IBM's Watson, the artificially intelligent supercomputer designed to be the perfect Jeopardy contestant, has moved on to a new career: one in the food industry.
As an intermediate step in the process of training Watson for pharmaceutical research, IBM has put the machine to work as a chef. A cookbook of Watson's original recipes, called "Cognitive Cooking with Chef Watson: Recipes for Innovation from IBM & the Institute of Culinary Education" was released last fall. It includes such items as a burrito with hints of chocolate and edamame, a mixed drink made with IPA and veal stock, and garnished with a piece of grilled beef, and risotto stuffed with candied ginger.
Watson's unique approach to recipe-making comes from its ability to analyze food on a molecular level. The flavor compound g-dodecalactone, for instance, is found in both strawberries and chicken, as well as pork, and some mushrooms. Chef Watson operates on the idea that foods with the same flavor compounds go well together, and it can use that principle to come up with effective fusion dishes that would never really occur to a human chef.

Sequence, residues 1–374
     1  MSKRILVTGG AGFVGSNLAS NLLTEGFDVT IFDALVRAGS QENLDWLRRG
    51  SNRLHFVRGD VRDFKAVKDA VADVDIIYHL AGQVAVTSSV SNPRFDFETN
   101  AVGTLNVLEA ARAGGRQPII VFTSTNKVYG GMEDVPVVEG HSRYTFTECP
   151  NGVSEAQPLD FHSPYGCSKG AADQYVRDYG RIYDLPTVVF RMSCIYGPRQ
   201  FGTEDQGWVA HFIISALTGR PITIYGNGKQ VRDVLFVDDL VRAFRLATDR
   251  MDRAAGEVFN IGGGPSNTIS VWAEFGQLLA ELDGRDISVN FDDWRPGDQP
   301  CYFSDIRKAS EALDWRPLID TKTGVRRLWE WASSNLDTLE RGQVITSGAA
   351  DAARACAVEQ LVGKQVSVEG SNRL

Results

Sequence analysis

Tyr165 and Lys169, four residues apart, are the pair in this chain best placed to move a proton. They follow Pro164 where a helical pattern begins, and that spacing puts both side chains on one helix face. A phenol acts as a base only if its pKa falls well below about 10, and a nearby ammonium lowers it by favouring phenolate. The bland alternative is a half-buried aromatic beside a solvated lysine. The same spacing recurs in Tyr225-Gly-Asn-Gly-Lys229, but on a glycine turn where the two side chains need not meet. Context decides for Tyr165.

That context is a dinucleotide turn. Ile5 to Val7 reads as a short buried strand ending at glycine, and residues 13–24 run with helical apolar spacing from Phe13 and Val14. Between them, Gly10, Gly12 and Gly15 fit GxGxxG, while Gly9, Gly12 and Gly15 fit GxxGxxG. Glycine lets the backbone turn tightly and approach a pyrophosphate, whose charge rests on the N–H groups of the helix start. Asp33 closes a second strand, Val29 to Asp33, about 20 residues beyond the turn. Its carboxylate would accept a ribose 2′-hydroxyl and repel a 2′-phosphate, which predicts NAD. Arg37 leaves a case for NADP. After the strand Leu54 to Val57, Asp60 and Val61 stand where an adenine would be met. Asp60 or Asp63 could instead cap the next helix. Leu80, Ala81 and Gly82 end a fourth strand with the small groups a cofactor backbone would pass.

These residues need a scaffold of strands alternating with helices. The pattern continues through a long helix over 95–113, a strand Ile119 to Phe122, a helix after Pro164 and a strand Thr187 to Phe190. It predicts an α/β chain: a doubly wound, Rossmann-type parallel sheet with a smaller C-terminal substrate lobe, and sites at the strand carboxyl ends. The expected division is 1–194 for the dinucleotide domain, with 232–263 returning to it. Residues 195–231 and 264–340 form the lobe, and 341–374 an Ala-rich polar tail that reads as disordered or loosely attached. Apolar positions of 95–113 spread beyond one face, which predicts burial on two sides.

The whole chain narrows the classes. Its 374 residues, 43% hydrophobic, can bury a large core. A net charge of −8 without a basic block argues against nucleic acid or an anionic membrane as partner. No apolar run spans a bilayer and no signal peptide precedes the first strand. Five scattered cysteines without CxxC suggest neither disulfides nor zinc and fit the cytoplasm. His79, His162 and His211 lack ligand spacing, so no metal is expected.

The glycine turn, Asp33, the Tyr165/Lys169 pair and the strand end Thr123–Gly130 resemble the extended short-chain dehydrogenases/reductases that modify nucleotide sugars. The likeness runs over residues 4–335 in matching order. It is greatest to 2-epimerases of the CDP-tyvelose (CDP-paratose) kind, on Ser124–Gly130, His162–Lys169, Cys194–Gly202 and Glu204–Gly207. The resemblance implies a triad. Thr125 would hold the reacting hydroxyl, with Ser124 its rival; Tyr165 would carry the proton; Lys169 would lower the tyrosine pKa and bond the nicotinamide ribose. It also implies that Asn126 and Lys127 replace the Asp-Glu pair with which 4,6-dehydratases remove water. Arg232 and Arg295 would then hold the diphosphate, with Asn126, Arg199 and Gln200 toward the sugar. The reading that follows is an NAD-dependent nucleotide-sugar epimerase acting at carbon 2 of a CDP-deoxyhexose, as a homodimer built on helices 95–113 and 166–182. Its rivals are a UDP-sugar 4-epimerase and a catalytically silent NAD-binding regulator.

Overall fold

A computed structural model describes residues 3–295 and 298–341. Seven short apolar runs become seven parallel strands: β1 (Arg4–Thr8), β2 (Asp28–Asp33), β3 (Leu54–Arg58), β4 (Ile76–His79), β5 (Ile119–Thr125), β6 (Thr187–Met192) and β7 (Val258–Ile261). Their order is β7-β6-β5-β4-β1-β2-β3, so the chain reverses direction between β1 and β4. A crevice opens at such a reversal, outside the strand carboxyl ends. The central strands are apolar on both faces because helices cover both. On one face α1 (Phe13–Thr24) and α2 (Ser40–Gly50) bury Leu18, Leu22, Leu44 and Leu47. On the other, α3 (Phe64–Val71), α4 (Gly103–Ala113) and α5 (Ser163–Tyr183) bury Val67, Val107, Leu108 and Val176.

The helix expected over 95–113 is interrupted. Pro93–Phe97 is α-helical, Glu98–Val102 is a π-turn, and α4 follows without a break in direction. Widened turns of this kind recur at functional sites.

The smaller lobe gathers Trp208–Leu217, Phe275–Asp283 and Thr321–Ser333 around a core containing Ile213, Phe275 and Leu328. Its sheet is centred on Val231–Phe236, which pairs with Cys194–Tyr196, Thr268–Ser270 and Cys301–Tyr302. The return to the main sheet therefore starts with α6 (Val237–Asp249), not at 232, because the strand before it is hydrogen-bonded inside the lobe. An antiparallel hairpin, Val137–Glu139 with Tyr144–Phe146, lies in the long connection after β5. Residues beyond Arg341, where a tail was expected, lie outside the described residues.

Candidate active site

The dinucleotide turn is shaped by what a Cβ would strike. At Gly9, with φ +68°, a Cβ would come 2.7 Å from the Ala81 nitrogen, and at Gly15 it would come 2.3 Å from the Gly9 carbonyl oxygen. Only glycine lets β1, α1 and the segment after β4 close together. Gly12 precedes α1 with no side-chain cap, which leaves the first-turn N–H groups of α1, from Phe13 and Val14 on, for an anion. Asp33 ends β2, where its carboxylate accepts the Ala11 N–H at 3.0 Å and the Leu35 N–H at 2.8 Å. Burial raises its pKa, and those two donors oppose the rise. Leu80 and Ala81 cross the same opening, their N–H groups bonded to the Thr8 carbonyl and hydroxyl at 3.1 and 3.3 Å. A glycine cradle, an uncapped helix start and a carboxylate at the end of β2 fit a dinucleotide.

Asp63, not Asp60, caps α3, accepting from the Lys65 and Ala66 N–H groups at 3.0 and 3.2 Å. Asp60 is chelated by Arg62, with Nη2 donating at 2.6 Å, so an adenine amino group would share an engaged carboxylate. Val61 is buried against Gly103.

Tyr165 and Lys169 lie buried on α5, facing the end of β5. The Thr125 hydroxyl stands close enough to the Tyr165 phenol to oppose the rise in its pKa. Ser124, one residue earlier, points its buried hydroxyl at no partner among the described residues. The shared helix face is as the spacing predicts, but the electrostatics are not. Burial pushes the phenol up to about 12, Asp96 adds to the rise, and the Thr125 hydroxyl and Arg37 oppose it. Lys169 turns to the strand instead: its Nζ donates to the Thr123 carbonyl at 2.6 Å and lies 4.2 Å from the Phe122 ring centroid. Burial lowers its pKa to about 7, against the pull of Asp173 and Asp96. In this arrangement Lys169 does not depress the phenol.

In the words of Florian Pinel, the lead engineer for the project, "Chef Watson is going to suggest ingredients I'd never use and that's what's going to be surprising to me."
Chef Watson is currently available to the public in the form of a beta. Once a user gains access to the site, he or she can pick a couple key ingredients or a preferred style of food, and then let Watson do the rest. The site also includes a slider ranging from "keep it classic" to "surprise me" for more adventurous eaters.